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Officials and employees of the networks of health and education, are composed in majority of women, are the only workers in Quebec to have undergone a decline of their purchasing power since 2000, deplores the IRIS.
In fact, due to ” austerity measures of the past 18 years, employees of the québec government have declined in their purchasing power in the order of 1.8% since 2000, compared to an increase of 11 % on average in municipal governments, and federal, the academic sector, public enterprises and the private sector.
“Suppression of wage “
“The government has […] adopted a strategy of “repression wage” of its own employees in order to save on its wage bill “, has analysed François Desrochers, associate researcher at the Institute of research and socioeconomic information, and author of the study.
For example, a person who does the same job in a Crown corporation like Hydro-Québec or Loto-Québec earns an average of 23 % more than one who works in education, in a department or in a health facility and social services, explained the IRIS in a research report that the QMI Agency has obtained a copy.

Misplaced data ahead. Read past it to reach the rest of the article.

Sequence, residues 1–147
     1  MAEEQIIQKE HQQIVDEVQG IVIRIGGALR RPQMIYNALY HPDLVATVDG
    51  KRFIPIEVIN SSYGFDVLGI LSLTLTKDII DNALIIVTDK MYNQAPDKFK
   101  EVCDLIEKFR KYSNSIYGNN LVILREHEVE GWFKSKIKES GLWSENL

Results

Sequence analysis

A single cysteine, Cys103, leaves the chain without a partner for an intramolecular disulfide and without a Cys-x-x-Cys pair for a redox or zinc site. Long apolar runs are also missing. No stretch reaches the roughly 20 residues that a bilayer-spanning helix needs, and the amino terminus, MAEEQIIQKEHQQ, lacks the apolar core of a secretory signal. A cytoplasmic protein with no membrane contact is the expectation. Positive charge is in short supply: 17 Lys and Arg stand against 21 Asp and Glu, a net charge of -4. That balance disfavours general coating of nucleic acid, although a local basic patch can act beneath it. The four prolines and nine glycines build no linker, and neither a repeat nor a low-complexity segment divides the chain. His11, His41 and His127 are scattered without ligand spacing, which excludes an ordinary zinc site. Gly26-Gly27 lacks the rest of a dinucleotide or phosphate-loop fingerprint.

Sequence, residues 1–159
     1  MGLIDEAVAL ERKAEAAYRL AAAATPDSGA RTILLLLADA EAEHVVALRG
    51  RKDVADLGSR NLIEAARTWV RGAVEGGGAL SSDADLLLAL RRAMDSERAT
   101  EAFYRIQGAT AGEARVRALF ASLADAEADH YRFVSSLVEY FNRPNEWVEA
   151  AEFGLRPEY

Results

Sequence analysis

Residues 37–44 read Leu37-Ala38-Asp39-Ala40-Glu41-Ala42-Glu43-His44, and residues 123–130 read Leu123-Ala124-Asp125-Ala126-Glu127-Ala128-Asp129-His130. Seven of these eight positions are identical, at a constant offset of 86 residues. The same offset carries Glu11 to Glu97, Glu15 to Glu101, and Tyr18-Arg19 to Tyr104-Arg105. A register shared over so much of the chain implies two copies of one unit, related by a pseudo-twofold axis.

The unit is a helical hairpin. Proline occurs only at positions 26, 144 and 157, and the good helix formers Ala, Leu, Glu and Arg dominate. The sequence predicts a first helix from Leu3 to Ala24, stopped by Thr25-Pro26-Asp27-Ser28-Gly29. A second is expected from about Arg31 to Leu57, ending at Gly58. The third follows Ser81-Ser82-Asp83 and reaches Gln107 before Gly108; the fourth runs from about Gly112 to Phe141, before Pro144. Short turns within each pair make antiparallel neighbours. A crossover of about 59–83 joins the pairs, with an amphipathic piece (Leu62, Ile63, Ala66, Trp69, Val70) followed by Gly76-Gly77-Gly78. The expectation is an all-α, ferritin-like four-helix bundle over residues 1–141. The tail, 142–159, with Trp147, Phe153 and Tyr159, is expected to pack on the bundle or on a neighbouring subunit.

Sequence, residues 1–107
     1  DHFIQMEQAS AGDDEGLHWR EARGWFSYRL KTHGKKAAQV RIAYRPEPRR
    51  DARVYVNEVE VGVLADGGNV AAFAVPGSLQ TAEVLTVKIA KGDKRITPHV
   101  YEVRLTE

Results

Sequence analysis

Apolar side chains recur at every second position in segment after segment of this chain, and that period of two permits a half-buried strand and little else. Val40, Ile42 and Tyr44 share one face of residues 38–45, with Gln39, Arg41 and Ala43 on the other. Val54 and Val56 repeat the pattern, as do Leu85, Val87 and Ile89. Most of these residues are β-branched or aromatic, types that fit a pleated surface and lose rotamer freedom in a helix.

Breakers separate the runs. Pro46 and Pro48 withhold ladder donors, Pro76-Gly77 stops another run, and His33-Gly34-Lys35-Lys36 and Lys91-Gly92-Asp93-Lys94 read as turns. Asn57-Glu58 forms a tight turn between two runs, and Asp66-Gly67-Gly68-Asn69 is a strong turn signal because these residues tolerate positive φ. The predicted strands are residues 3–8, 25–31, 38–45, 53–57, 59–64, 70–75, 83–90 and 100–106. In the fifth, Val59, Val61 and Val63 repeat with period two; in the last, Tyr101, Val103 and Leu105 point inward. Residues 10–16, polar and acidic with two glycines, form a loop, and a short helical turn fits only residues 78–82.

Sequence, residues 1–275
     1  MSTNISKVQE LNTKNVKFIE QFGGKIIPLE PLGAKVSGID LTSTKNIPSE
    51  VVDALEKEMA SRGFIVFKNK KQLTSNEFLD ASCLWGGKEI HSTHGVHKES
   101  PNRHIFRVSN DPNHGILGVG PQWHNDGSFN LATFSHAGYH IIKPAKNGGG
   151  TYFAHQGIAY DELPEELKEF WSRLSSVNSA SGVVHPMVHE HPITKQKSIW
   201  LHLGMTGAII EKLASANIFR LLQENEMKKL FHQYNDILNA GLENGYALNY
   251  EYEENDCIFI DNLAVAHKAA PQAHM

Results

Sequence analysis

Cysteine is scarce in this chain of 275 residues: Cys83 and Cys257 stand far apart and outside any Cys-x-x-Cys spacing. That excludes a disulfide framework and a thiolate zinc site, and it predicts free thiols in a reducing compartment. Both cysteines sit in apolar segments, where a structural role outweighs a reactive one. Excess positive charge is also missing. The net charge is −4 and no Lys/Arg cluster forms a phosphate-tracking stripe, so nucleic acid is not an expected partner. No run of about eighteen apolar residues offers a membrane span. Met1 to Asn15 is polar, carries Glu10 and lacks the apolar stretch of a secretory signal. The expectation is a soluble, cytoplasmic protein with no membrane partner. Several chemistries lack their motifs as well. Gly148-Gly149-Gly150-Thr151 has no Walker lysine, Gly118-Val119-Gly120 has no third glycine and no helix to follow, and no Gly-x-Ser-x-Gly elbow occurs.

The women most affected
Moreover, this stagnation in purchasing power affects mostly women, as they comprise 72.2 per cent of the staff of the public administration. IRIS sees an imperfection in the pay equity Act.
“The provisions of the pay equity Act does not allow to compare in a systematic way the administration jobs in quebec, with the jobs of other parts of the public sector,” wrote Mr. Desrochers in his study.
The IRIS therefore calls for a modification of the pay equity act, which would allow to compare the salary of the same job in two different branches of the public apparatus.
The State would have to pay $ 7.3 billion to ” make a catch-up pay increases, which would eliminate these inequalities “. This recovery would reduce to 35 % the inequity between the average salary of men and women for Quebec as a whole, computes the IRIS.
Law against the iniquities
In addition, the minister Jean Boulet has filed Tuesday a draft law that would oblige companies with more than 10 employees to financially compensate the inequities in compensation that have been created in the period of five years preceding, either retroactively.
The adoption of this bill is necessary to respond to a judgment of the supreme Court of Canada, rendered last may.
For the year 2020, the costs to businesses are estimated to be 566 million $, an amount that could be paid in five installments over four years.